for least squares, suggesting that generalized least squares is a better estimation
technique.
277
EXERCISE 8.5
(a)
The table below displays the 95% confidence intervals obtained using the critical tvalue
t(0.975,497) 1.965 and both the least squares standard errors and the Whites standard errors.
After recognizing heteroskedasticity and using Whites standard errors, the confidence
intervals for CRIME, AGE and TAX are narrower while the confidence interval for
ROOMS is wider. However, in terms of the magnitudes of the intervals, there is very little
difference, and the inferences that would be drawn from each case are similar. In
particular, none of the intervals contain zero and so all of the variables have coefficients
that would be judged to be significant no matter what procedure is used.
95% confidence intervals
0.255
5.600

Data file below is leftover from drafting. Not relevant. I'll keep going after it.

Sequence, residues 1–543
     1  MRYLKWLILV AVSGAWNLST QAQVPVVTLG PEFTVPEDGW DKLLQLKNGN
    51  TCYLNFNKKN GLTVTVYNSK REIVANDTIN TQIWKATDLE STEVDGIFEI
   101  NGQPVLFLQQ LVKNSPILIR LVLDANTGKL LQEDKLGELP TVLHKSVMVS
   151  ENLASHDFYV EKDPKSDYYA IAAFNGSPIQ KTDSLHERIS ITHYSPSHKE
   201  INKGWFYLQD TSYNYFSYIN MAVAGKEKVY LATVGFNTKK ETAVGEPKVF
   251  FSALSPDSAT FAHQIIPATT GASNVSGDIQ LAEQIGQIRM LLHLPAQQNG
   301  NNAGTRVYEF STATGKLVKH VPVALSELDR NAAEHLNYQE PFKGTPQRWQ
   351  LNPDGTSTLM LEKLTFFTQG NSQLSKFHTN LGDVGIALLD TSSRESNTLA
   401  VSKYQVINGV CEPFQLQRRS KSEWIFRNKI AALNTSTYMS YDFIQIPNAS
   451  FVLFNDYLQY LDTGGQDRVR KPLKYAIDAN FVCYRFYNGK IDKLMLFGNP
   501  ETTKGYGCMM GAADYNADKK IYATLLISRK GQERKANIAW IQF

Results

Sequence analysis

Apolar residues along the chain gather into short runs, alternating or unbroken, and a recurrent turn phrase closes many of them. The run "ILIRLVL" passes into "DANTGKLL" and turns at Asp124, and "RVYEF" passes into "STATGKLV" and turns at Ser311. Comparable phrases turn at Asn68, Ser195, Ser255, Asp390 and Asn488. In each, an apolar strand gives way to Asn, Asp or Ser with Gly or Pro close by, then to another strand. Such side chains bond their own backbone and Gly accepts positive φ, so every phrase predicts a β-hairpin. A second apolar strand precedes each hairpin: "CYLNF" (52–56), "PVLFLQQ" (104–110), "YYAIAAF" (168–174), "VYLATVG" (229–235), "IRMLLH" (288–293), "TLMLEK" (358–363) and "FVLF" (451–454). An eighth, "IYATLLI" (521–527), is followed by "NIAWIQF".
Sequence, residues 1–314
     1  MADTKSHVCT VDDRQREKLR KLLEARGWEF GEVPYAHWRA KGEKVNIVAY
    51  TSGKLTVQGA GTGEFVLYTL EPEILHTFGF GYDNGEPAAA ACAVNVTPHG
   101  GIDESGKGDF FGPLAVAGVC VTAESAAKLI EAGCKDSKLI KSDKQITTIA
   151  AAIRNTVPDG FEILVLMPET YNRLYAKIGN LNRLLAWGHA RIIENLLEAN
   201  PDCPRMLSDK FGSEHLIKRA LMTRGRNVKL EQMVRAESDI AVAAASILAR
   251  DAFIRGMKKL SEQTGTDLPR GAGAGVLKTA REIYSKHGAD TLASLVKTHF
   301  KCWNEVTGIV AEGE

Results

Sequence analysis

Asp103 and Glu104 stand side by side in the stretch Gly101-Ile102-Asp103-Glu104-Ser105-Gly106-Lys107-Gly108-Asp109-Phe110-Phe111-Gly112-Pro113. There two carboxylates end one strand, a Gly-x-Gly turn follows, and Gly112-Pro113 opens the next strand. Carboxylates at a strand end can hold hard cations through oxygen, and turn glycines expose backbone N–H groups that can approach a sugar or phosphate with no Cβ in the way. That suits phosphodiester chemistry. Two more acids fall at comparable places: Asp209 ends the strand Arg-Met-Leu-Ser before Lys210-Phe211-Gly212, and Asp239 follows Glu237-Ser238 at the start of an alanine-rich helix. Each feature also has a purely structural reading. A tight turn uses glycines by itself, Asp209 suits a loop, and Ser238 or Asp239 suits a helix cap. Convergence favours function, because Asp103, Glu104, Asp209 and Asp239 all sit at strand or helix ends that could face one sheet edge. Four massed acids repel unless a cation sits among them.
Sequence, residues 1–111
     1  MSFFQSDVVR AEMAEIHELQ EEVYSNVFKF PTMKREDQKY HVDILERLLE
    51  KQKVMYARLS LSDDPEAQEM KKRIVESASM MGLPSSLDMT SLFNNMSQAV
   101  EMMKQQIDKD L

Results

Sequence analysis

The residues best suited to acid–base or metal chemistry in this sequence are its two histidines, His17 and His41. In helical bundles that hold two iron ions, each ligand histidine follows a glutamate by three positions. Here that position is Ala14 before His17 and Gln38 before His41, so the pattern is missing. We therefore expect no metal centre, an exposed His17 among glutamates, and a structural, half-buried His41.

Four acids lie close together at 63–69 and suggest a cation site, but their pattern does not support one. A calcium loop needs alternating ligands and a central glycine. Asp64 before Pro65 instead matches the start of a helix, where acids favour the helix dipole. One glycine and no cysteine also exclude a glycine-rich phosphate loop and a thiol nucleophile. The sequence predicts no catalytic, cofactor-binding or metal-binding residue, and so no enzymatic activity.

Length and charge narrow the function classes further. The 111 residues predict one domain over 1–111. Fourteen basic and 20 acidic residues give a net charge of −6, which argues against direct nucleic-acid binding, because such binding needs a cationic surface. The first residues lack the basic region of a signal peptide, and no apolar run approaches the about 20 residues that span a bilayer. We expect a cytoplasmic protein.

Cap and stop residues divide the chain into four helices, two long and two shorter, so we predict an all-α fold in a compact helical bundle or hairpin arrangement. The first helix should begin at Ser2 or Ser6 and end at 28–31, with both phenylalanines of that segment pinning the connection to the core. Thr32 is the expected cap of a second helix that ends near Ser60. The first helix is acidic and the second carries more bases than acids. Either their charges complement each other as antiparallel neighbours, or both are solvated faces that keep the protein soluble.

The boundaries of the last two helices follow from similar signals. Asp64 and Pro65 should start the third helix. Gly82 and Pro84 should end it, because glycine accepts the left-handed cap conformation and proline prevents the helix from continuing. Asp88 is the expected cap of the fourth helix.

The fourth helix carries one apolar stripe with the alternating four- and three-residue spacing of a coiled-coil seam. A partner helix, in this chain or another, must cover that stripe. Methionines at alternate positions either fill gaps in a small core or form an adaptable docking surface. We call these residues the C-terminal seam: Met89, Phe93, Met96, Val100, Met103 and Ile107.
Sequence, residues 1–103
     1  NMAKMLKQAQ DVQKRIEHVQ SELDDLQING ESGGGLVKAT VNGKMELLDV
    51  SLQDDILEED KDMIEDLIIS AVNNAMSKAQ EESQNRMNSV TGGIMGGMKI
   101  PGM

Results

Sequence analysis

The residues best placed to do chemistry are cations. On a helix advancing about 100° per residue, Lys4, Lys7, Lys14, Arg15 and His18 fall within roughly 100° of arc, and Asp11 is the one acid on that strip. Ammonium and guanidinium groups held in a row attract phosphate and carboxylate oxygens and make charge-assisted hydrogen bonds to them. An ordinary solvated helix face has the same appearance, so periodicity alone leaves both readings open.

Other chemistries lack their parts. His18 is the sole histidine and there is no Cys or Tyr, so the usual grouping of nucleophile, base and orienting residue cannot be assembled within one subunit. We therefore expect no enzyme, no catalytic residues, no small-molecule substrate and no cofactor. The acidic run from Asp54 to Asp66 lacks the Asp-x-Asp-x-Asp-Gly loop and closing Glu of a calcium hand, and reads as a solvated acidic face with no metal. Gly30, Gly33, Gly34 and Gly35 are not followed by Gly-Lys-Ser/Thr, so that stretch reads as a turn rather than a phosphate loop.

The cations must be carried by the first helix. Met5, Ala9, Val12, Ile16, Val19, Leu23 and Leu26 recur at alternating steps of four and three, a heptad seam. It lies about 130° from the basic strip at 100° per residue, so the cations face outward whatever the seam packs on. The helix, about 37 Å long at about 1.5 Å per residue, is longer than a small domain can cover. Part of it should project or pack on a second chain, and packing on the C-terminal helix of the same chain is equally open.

0.076
0.020
Upper
0.112
7.143
0.020
0.005
Upper
0.114
7.679
0.026
0.007
(b)
Most of the standard errors did not change dramatically when Whites procedure was used.
Those which changed the most were for the variables ROOMS, TAX, and PTRATIO. Thus,
heteroskedasticity does not appear to present major problems, but it could lead to slightly
misleading information on the reliability of the estimates for ROOMS, TAX and PTRATIO.
(c)
As mentioned in parts (a) and (b), the inferences drawn from use of the two sets of
standard errors are likely to be similar. However, keeping in mind that the differences are
not great, we can say that, after recognizing heteroskedasticity and using Whites standard
errors, the standard errors for CRIME, AGE, DIST, TAX and PTRATIO decrease while the
others increase. Therefore, using incorrect standard errors (least squares) understates the
reliability of the estimates for CRIME, AGE, DIST, TAX and PTRATIO and overstates the
reliability of the estimates for the other variables.
Remark: Because the estimates and standard errors are reported to 4 decimal places in
Exercise 5.5 (Table 5.7), but only 3 in this exercise (Table 8.2), there will be some
rounding error differences in the interval estimates in the above table. These differences,
when they occur, are no greater than 0.001.
278
EXERCISE 8.6
(a)
ROOMS significantly effects the variance of house prices through a relationship that is
quadratic in nature. The coefficients for ROOMS and ROOMS 2 are both significantly